Richard Holdener
April 14, 2011

Why is it that the Three-Valve, Four-Valve, and (especially) Shelby GT500s get all the modular love, when the Two-Valve motors are arguably the workhorse of the family?

I know-the Four-Valve motors have, well, more valves; the Three-Valves have that cool cam phasing; and the Shelbys have displacement and boost! Heck, the new Coyote motors have more valves and cam phasing, but where does that leave Two-Valve owners?

With the recent introduction of the Track Heat heads and matching intake manifold from Trick Flow Specialties, the substantial performance gap between the Two- and more-than-Two-Valve mod motors has successfully been bridged.

Don't get us wrong-the Three- and Four-valve motors will always make more power, but Two-Valve owners can now put together a seriously stout, all-motor combination, without resorting to boost. Toss in a little go juice from Zex, as we did on our buildup, and you have supercar power from your humble GT.

When we first built and tested this engine, we subjected an otherwise-stock non-PI motor to a PI-plus upgrade. Replacing the non-PI heads, cams, and intake with a set of ported PI heads from Total Engine Airflow, a PI induction system, and a set of healthy Comp cams resulted in an increase in peak power of 130 hp. This took the non-PI motor from 260 to 390 hp, a serious jump in any book.

Impressive as that may be, there was more power to be had. We all know how well mod motors respond to blowers and turbos, but we wanted to take the all-motor route, as not everyone wants boost. A non-boosted combo can benefit from a lighter weight, less potential problems from belts and detonation, and it is of course, more affordable.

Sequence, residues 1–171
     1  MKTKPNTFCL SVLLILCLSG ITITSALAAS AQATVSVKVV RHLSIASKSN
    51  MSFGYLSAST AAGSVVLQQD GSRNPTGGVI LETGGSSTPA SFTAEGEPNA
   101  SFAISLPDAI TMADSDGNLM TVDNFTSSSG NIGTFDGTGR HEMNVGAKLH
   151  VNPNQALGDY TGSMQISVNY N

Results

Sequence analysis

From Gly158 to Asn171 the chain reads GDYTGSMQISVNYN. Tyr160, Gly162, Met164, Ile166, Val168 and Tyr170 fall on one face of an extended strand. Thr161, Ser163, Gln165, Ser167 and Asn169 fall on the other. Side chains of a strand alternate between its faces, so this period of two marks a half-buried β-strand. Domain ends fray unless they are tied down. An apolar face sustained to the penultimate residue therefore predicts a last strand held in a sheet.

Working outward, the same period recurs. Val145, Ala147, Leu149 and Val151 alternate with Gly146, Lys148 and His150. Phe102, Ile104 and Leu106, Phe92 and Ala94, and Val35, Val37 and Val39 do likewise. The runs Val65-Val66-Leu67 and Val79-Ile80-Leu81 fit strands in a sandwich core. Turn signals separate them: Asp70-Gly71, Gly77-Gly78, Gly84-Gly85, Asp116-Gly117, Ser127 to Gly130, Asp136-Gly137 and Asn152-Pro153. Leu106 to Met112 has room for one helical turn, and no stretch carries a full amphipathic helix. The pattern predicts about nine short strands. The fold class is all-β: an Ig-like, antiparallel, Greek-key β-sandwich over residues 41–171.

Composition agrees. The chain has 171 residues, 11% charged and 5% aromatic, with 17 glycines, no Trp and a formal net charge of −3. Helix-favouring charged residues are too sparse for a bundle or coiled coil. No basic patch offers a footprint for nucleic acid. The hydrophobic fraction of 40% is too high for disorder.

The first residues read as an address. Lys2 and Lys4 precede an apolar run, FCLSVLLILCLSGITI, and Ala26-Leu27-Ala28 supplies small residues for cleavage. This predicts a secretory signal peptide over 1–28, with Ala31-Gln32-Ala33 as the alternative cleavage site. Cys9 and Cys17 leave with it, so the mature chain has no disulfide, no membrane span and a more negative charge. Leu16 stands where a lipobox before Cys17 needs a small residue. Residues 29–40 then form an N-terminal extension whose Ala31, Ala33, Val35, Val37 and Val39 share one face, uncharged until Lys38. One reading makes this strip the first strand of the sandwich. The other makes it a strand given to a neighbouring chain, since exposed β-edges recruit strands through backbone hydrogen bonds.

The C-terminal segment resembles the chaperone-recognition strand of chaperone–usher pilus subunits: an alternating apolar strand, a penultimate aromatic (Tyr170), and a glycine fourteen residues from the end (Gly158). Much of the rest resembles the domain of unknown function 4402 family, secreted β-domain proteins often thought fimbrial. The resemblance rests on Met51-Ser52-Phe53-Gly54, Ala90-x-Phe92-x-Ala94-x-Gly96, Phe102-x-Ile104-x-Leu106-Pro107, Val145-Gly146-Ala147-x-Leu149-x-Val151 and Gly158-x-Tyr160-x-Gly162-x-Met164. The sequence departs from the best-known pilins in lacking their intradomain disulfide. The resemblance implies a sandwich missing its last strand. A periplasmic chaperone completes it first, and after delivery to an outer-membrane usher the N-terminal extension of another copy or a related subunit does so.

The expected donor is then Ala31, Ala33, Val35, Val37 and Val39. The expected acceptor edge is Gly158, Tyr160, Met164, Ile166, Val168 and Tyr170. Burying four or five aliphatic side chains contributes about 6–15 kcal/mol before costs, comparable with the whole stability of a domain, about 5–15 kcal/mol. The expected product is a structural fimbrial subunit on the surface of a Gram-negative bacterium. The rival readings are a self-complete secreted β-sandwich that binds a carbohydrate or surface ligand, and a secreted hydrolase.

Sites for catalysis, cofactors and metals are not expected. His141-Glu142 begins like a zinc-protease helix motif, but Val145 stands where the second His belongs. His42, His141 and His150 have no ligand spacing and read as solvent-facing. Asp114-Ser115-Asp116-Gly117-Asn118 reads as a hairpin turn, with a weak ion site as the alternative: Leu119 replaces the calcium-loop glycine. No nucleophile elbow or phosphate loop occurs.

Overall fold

After the PI conversion, we increased the power output by replacing the heads, cams, and intake, so we decided to take a look at those components once again. In addition to these bolt-ons, we also recognized the fact that our proposed upgrades deserved something more exotic than a wrecking-yard, non-PI short-block. Besides, upgrading the short-block gave us the opportunity to further increase the cubes and compression. If 4.6 liters is good, then 5.0 liters must be even better!

It is with the tried-and-true no-replacement-for-displacement principle that we embarked on. Given the limitations of the modular family (something Ford has yet to rectify), increased displacement is somewhat limited. Unlike a 351 block that can be punched out an additional 100 ci (or more), the most common stroker upgrade for the modular motor takes the 4.6L to just 5.0 liters. Obviously, more displacement is always welcome, but we'd like to see a 6.0L (or even 7.0L) modular motor topped with Four-Valve heads. The limited bore spacing precludes any significant changes in bore diameter (which would also increase the flow rate of the attending cylinder heads), so the additional displacement comes primarily from the installation of a stroker crankshaft. Combining a stroke of 3.75 inches (up from 3.543-inches) with a 0.030-inch overbore (from 3.552 to 3.582 inches) results in a displacement of 302 ci (the magic 5.0L). Put down the calculators and keyboards, we know that 5.0 liters actually equates to 305 ci.

The 5.0L stroker short-block was assembled by the Ford experts at Coast High Performance. The Two-Valve block was cleaned and bored 0.030 over to make room for the new stroker crank, rods and pistons. The list of components included a 4340 forged steel crank and matching (6.0-inch) connecting rods combined with a set of forged flat-top pistons. Given the revised valve locations, the valve reliefs in the flat-top pistons were specific to the new Track Heat cylinder heads. The new stroker not only increased the displacement, but when combined with the new heads from TFS, produced a static compression ratio of just over 11.0:1. This represented a substantial jump from the 9.7:1 of the original 4.6L PI motor.

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